The proportion of participants who had a local reaction to the vaccine shot (redness, swelling, or pain) did not differ from one shot to the next. Under 10% reported redness, about 10% reported swelling, and about 80% reported pain. Most of these reactions were mild or moderate; very few were severe.
The most frequent general-body problems after vaccination were fatigue, headache, and new general muscle pain. Almost two thirds of study participants had some clinical problem after vaccination (like upper respiratory tract infection, fatigue, diarrhea, bronchitis, and rash). No severe problem like this could be linked to the vaccine.
Overall safety findings in this study were similar to those in HIV-negative adults getting one shot of PCV13 or one shot of PPSV23.
What the Results Mean for You
This study of more than 300 HIV-positive people found that the PCV13 vaccine produced important immune system responses against all 13 pneumococcus types targeted by the vaccine. Previous research suggested that adults vaccinated with the PPSV23 pneumococcal vaccine would have lower responses to later vaccination with another pneumococcal vaccine. But that did not happen in this study, in which all participants had one or more PPSV23 shots in the past and still responded to the PCV13 vaccine. That finding is important because many HIV-positive adults already had one or more doses of PPSV23.
In an article written about this study, two HIV experts list other strategies that can help HIV-positive people avoid pneumococcal disease:2
- Start and continue effective combination antiretroviral therapy.
- Avoid or stop smoking cigarettes and using illicit drugs.
- Get an annual flu shot.
- Take drugs that prevent Pneumocystis pneumonia if recommended by your provider.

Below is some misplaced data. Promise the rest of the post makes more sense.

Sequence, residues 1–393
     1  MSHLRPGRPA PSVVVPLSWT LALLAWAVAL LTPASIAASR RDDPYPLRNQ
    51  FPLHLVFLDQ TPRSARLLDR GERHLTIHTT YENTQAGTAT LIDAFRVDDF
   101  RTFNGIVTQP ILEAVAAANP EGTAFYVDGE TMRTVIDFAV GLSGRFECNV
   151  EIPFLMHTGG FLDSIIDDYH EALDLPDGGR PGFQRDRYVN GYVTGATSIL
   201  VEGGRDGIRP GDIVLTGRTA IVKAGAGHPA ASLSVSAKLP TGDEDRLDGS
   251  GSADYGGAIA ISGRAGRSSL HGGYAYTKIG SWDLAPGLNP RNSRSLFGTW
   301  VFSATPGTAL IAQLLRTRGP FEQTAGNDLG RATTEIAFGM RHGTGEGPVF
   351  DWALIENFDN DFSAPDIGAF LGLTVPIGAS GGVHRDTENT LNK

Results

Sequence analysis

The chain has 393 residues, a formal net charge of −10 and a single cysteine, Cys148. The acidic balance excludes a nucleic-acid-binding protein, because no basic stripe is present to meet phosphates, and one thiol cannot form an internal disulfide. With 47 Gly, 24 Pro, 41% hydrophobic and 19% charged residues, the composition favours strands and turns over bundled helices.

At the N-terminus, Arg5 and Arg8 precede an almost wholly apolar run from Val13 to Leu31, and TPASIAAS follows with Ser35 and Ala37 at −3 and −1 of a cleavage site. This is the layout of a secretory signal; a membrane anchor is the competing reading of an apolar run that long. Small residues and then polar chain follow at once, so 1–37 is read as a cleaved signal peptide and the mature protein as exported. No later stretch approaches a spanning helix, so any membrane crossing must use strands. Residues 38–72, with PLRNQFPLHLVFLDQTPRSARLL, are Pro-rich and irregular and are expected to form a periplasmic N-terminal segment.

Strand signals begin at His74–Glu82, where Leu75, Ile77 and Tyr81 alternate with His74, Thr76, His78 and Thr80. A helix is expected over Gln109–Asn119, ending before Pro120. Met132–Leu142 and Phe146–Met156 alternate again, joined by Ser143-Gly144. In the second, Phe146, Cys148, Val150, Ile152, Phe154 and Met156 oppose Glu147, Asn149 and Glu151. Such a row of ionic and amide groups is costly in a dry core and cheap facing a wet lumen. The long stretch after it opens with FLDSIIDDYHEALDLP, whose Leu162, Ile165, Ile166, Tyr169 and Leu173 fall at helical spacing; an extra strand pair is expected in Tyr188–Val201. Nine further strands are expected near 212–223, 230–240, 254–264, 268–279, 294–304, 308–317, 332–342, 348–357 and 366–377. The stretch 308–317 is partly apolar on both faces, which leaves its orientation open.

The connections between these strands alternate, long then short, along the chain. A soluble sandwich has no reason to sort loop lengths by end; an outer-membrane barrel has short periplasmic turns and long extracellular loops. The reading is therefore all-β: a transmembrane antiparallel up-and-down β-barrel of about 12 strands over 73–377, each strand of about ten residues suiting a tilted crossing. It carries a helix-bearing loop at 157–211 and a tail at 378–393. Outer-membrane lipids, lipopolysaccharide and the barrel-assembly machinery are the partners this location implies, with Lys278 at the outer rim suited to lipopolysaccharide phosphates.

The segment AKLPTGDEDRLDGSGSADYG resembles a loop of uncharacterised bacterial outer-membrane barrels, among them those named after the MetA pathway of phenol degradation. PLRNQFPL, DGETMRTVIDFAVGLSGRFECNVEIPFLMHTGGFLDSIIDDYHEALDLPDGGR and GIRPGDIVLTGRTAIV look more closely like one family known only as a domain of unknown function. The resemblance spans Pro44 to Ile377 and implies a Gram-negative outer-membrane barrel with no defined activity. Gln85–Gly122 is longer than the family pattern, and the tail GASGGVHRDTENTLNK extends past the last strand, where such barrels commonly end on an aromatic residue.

But the most direct way to avoid pneumococcal disease, these experts stress,2 is getting a pneumococcal vaccine like PCV13 or PPSV23. Current U.S. guidelines call for PCV13 vaccination when HIV is diagnosed in adults, followed by the PPSV23 vaccine 8 or more weeks later.5 HIV-positive adults who have already had PPSV23 vaccination should get one PCV13 vaccine dose 1 or more years after the last PPSV23 dose.
The researchers who conducted this study1 and the experts who analyzed it2 note that the results do not support use of three PCV13 doses, each given 6 months apart, as in this trial. More studies will be needed to determine whether more than one PCV13 dose may help HIV-positive people avoid pneumococcal disease longer.
The bottom line for people with HIV and their providers is that this study supports U.S. guidelines recommending PCV13 for people with HIV infection, even if they have had PPSV23 vaccination. The experts who reviewed this article say the findings "should immediately be used by providers to accomplish high vaccine coverage rates and to ensure the best possible protection against pneumococcal disease among HIV-infected adults, by the administration of both PCV13 and PPSV23 vaccinations."2
- Glesby MJ, Watson W, Brinson C, et al. Immunogenicity and safety of 13-valent pneumococcal conjugate vaccine in HIV-infected adults previously vaccinated with pneumococcal polysaccharide vaccine. J Infect Dis. 2015;212:18-27.
- Crum-Cianflone NF, Wallace MR. Stimulating evidence for pneumococcal conjugate vaccination among HIV-infected adults. J Infect Dis. 2015;212:1-4.
- Hung CC, Chang SY, Su CT, et al. A 5-year longitudinal follow-up study of serological responses to 23-valent pneumococcal polysaccharide vaccination among patients with HIV infection who received highly active antiretroviral therapy. HIV Med. 2010;11:54-63.
- French N, Gordon SB, Mwalukomo T, et al. A trial of a 7-valent pneumococcal conjugate vaccine in HIV-infected adults. N Engl J Med. 2010;362:812-822.
- Centers for Disease Control and Prevention. Use of 13-valent pneumococcal conjugate vaccine and 23-valent pneumococcal polysaccharide vaccine for adults with immuno-compromising conditions: recommendations of the Advisory Committee on Immunization Practices (ACIP). MMWR Morb Mortal Wkly Rep. 2012;61:816-819.